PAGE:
Startups should make more effort to cultivate relationships with investors earlier on, as investment decisions rely on the investor’s opinion of the entrepreneur, according to AHUB panellists.
Speaking at the inaugural AHUB at this year’s AfricaCom conference, an investor panel said their opinion of an individual entrepreneur will generally be a key factor in the decision to invest or not.
“The first factor is do I really think this entrepreneur can make me money or not. To me, the idea is secondary,” said Eric Edelstein, chairman of Entrepreneur Traction.
“In young spaces [like Africa], what attracts me is the entrepreneur,” agreed Manuel Koser, founding partner of Silvertree Capital.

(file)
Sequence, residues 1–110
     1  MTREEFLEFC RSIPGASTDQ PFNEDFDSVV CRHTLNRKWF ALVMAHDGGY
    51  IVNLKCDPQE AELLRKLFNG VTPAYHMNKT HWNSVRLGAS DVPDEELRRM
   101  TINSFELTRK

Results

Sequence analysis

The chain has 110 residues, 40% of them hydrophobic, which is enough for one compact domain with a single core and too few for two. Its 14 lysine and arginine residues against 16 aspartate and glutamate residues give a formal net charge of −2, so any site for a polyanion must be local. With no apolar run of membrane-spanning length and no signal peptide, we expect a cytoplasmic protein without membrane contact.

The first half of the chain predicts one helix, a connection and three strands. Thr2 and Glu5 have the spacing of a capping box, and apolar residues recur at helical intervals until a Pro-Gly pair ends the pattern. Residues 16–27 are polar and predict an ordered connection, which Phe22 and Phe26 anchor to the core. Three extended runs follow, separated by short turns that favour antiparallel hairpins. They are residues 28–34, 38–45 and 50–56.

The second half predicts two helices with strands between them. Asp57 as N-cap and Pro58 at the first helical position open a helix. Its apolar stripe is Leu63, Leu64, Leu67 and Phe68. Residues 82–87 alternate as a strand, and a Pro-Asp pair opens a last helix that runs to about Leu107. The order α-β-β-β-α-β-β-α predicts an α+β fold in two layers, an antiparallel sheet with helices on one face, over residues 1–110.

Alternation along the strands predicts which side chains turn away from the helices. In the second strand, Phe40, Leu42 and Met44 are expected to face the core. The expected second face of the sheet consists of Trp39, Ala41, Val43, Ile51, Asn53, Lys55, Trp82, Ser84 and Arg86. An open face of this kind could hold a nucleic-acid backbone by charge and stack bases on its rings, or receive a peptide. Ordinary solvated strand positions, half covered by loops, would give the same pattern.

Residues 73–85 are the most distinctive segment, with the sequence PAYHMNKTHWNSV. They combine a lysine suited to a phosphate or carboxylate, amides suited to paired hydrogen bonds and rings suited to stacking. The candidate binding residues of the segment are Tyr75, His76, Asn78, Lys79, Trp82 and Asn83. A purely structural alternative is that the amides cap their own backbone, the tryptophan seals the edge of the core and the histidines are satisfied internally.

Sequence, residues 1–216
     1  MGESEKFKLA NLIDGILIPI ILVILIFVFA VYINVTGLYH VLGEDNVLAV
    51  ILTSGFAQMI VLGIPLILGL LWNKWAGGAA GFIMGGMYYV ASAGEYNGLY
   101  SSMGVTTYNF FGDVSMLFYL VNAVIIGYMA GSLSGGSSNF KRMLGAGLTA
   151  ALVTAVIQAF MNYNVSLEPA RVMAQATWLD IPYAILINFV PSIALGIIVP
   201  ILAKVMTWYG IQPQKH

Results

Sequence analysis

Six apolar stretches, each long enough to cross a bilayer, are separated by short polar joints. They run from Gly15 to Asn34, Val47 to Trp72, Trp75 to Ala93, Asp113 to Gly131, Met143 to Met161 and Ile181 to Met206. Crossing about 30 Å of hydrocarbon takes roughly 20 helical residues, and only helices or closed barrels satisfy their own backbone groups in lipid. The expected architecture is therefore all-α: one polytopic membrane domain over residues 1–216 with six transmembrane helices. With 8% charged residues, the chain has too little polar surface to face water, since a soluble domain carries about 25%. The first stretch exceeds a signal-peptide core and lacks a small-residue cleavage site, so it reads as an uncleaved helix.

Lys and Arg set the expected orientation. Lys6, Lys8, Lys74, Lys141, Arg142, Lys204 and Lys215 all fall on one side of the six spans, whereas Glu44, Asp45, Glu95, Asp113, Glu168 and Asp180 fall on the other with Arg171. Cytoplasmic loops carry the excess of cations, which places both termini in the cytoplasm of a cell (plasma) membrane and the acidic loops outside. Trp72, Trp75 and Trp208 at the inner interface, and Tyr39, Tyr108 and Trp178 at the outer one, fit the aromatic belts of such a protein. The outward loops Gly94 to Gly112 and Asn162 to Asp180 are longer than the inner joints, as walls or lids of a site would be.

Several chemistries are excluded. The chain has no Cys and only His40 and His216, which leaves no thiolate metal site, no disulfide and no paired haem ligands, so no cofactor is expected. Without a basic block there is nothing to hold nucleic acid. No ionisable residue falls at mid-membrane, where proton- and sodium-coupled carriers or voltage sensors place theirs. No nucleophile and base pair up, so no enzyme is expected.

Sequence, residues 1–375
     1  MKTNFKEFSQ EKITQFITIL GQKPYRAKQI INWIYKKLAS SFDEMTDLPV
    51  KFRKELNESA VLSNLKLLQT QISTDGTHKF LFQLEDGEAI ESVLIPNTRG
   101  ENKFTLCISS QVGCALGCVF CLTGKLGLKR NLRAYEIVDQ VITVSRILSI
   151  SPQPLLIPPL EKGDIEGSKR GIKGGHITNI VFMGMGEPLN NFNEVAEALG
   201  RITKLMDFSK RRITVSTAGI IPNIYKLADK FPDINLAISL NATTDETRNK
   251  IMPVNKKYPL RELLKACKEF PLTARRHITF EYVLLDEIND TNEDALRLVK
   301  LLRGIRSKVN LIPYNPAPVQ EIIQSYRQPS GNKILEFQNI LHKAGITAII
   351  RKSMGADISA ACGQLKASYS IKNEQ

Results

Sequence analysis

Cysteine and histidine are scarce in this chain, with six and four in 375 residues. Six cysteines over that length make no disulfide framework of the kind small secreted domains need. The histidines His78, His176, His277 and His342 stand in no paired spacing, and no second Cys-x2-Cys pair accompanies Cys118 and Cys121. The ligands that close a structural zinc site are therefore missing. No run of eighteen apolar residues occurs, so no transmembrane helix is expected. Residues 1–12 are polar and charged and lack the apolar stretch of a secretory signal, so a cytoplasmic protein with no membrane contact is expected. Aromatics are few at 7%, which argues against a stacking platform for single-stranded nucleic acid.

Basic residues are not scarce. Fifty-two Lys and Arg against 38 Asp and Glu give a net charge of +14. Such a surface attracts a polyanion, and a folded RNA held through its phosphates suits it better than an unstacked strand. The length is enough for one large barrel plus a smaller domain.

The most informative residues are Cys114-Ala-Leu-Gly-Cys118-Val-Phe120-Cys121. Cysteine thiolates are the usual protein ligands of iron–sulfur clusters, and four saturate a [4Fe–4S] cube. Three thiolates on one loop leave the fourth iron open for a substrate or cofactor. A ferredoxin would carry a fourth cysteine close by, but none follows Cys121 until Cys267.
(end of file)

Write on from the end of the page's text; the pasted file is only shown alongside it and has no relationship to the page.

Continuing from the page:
Early stage startups should also ideally be able to show some traction, Koser added.
All the panellists said entrepreneurs should cultivate ongoing relationships with investors, regardless of whether they are currently fundraising.
In fact, the panellists felt most entrepreneurs leave it too late to begin the fundraising process, which aside from being less than impressive in that it indicates inability to strategically manage the startup, also leaves entrepreneurs in a position of weakness.
“Many startups take the money because they have to. Often they have left it too late to start fundraising, and because of that the post-investment management becomes very investor-led,” said Oliver Drews, chief executive officer (CEO) of Clifftop Colony.
“My advice is to think hard and ahead as to when you’ll need to start your fundraising process,” he said.